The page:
A judge ruled this week that cameras will be allowed during Jussie Smollett’s next hearing in court. Last week, the “Empire” actor was charged for filing a false police report and indicted on 16 counts.
Smollett, who is black and gay, claimed that he was attacked during the early hours of Jan. 29 by two males who wrapped a noose around his neck and poured a chemical substance on him. Police have shut down those claims and insist that evidence shows the actor planned the alleged attack on himself because he was upset about his salary on the show “Empire.”
As a queer person and a person of color, I sided with Smollett when the story of the attack first made the news. I know first hand what it feels like — and how scary it is — to be attacked based on how you look. Since the alleged incident, accounts of that night have changed so much that it's difficult to distinguish what’s true or false. I’m not sure who to believe and what side I should take.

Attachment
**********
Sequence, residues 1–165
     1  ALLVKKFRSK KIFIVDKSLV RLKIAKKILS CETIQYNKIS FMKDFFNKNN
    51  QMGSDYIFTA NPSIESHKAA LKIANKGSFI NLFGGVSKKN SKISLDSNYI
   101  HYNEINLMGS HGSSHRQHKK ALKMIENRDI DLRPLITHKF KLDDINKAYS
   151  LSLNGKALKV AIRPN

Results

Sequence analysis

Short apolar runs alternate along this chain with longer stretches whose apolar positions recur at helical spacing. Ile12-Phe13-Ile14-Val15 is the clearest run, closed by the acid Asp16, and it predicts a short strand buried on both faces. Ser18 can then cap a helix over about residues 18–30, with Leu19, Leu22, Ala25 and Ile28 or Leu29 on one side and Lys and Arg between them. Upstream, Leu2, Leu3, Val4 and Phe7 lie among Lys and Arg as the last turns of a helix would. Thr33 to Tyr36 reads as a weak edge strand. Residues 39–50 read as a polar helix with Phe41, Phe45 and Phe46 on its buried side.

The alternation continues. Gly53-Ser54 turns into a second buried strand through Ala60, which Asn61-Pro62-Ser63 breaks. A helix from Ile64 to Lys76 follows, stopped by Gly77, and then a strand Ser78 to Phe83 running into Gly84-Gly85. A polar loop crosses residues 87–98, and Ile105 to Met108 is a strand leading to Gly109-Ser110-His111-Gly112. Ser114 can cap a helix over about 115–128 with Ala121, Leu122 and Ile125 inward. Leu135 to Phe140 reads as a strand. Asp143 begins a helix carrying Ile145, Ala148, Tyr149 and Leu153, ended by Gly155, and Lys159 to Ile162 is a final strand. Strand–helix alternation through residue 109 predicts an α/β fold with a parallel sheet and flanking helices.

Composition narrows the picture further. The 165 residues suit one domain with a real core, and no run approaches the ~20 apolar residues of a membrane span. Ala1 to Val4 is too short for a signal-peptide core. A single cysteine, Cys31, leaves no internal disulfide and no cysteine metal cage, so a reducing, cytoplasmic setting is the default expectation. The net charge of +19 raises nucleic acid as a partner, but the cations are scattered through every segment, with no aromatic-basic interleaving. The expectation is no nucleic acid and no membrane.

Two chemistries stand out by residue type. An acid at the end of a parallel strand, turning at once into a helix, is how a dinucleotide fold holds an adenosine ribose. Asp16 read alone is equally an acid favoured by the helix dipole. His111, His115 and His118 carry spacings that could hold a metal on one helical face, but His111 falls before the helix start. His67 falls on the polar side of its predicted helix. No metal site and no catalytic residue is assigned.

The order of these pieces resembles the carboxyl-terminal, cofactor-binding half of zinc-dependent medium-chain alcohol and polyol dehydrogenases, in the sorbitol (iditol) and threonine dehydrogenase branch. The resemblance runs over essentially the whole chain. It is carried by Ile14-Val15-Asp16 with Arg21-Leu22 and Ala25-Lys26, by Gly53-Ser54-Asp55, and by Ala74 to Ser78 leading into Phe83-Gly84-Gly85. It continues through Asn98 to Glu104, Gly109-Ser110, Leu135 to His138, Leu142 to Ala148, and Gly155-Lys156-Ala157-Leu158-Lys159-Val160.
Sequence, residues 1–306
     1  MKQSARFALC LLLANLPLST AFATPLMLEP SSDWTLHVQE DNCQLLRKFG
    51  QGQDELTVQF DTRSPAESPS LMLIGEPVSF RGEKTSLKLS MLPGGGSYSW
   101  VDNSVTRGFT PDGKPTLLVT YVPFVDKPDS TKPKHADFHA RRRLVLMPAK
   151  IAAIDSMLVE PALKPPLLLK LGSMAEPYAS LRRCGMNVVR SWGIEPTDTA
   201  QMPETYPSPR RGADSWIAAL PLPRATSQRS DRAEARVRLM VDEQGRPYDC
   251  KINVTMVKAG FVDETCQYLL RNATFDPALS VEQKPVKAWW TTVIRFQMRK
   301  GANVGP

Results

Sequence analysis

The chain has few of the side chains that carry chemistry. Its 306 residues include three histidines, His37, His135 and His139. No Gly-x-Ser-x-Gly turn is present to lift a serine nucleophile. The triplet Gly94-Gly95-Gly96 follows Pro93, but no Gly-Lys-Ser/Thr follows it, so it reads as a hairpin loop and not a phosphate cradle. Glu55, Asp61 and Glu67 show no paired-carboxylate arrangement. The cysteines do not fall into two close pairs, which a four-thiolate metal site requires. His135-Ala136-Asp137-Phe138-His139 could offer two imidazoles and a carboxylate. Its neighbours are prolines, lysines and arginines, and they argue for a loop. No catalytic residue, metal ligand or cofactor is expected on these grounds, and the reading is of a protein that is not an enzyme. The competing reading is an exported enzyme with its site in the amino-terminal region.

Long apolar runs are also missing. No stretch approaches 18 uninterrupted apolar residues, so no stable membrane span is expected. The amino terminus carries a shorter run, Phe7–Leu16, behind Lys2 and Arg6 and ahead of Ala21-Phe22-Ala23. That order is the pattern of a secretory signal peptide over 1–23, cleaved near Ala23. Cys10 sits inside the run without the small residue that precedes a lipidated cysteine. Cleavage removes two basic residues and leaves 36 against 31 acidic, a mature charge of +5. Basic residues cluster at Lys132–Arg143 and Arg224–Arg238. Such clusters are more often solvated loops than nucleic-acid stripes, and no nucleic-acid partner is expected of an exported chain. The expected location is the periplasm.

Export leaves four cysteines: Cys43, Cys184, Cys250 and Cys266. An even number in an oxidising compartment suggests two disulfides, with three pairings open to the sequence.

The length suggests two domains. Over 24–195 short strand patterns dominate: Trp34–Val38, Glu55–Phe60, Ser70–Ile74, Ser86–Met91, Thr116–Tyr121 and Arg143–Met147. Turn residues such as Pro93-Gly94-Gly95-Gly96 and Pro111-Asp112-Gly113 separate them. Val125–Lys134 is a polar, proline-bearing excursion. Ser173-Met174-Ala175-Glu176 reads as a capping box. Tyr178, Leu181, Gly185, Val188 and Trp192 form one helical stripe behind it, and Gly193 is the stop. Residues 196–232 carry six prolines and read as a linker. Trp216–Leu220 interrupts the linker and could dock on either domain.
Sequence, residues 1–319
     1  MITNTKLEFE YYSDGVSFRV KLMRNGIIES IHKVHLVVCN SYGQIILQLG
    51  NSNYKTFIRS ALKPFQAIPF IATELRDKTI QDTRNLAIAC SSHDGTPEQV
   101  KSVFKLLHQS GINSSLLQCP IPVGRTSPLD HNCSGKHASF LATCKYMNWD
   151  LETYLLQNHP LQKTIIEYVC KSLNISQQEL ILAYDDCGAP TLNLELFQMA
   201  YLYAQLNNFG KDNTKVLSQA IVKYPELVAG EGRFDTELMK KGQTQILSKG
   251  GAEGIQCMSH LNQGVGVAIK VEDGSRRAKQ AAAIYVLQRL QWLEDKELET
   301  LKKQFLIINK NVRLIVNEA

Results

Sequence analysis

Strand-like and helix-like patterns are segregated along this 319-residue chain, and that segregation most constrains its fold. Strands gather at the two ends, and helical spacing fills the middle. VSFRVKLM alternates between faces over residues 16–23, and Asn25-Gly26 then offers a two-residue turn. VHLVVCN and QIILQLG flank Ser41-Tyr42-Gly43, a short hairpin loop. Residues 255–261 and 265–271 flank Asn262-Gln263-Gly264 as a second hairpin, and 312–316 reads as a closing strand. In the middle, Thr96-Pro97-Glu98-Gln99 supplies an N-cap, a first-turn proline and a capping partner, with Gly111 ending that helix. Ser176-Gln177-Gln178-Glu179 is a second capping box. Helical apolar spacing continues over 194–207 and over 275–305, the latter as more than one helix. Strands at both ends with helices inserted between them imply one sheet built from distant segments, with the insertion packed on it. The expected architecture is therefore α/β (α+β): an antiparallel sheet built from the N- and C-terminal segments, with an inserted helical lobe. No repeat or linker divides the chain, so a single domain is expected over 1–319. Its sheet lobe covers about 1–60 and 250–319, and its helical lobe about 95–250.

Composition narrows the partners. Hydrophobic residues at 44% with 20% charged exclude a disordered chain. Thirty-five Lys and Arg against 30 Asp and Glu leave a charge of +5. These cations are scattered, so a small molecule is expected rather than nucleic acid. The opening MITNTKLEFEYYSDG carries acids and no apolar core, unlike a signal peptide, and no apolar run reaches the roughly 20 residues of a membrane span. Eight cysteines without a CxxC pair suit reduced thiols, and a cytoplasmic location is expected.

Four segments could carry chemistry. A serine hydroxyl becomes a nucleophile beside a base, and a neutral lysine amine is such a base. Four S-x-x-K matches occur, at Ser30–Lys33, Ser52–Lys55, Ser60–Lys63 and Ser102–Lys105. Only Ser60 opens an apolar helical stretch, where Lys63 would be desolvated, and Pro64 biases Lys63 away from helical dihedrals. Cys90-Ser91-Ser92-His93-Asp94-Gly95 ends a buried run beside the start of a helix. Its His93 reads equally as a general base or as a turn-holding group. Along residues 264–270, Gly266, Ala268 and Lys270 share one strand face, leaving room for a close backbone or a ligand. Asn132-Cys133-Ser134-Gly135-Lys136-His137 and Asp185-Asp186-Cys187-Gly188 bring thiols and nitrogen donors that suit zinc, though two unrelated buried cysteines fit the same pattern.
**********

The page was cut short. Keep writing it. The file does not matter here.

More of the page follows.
But what I do know, and I’m very sure of, is that I’m disappointed in Smollett if the charges are true. In a time when LGBTQ+ people are fighting for representation in media, it seems unfair that one of the few figures we have would use his platform — and the support of his queer fans — for his personal gain. If he is lying about his attack, he is allowing the experiences of the LGBTQ+ community to be dismissed. I'm sure in the near future when a queer person is attacked and is brave enough to report it, they will be met with scepticism by police and others.
Let’s stop and recognize that queer people and people of color face hate all the time; their stories are just not publicized to this extreme. If I take anything away from Smollett's case, it's that I would like to see queer people, who aren’t celebrities, get more support when they decide to come forward and report a crime.